London - The British Olympic Association said on Tuesday it was dismayed by the decision of a group of athletes to pursue legal action while holding talks regarding the International Olympic Committee's controversial Rule 40.
The regulation restricts the deals athletes can strike for themselves during a specific period in and around the Games, with the aim to protect IOC and national team sponsors from their commercial rivals.
British sprinter Adam Gemili, however, has labelled the rule "ridiculous, unjust and unfair" ahead of next year's Olympic Games in Tokyo.
There are 20 names listed on a legal letter sent to the BOA last month but the governing body said it would contest any action because of its duty to all Olympic sport in Britain.
"The BOA can confirm it has formally responded to the recent legal challenge brought against the BOA's interpretation of the IOC's Rule 40 in the UK," it said in a statement.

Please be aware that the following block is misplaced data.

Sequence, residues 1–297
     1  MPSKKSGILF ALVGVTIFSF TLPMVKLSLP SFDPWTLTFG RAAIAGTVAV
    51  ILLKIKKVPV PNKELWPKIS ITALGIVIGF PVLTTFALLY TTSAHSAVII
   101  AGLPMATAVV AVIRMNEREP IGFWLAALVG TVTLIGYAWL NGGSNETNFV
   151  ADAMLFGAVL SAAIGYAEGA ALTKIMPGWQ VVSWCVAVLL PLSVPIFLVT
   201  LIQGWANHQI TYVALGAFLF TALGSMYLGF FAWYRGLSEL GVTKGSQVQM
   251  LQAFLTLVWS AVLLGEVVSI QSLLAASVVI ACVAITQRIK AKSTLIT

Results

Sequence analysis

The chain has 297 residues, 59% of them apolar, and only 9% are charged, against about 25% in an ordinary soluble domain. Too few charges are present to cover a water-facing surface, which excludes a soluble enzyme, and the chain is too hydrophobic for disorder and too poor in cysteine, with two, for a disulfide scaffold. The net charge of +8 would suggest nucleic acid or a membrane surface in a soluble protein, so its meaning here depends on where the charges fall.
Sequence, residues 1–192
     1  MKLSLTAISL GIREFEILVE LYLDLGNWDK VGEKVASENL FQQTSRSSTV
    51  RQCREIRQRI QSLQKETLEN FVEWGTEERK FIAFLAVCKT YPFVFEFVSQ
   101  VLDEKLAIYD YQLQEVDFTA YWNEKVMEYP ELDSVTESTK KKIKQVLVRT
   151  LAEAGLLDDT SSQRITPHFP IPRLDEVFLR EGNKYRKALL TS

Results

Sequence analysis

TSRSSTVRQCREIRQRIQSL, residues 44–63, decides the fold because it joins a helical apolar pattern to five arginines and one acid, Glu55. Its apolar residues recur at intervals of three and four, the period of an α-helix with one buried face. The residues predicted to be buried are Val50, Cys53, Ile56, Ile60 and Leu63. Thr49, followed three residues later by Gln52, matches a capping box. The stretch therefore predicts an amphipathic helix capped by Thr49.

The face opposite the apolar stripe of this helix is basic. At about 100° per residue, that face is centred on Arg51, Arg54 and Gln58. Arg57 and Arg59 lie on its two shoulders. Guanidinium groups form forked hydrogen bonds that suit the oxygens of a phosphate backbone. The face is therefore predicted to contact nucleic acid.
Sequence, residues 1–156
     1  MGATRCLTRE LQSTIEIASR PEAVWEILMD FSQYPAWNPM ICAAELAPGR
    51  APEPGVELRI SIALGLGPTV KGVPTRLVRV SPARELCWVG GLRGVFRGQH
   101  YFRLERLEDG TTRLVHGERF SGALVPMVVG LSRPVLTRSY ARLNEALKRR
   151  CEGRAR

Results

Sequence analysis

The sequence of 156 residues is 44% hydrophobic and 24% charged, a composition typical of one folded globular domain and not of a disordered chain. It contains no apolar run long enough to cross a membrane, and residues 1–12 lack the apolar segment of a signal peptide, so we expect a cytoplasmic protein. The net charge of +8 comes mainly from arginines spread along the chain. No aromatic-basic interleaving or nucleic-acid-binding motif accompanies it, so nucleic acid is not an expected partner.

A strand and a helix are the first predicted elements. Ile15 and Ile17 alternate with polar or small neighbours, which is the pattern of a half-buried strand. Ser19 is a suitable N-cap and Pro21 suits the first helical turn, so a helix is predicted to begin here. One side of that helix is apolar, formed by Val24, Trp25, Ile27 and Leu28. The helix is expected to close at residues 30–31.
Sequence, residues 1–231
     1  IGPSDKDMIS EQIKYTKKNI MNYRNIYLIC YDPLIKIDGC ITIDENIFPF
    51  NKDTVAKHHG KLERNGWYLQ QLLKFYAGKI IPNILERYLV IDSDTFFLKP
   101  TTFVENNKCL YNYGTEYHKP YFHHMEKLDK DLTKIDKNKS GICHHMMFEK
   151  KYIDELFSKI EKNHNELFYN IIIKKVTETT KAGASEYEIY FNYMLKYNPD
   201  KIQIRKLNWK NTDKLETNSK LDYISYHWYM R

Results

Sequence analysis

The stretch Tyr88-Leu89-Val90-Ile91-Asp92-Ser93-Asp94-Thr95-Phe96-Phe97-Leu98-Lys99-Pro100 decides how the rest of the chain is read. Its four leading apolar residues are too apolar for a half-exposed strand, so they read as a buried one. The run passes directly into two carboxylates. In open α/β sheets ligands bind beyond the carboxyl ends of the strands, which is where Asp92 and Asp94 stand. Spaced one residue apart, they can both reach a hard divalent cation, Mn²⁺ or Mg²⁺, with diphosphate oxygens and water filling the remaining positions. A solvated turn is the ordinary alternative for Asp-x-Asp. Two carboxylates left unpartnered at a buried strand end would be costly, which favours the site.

The BOA added it had enjoyed a "positive meeting" last week with representatives of the athletes who had challenged Rule 40 and remained open to a resolution that balanced the need for individual athletes to maximise their income while defending a system that has sold rights collectively on behalf of all of Team GB, including "smaller" sports and "less high-profile athletes".
Officials insisted that despite "encouraging" conversations they had been "dismayed by the ongoing legal tactics being conducted in the background" and would respond robustly in defence of all those served by the BOA, a not-for-profit independent organisation that receives no tax payer or British government funds.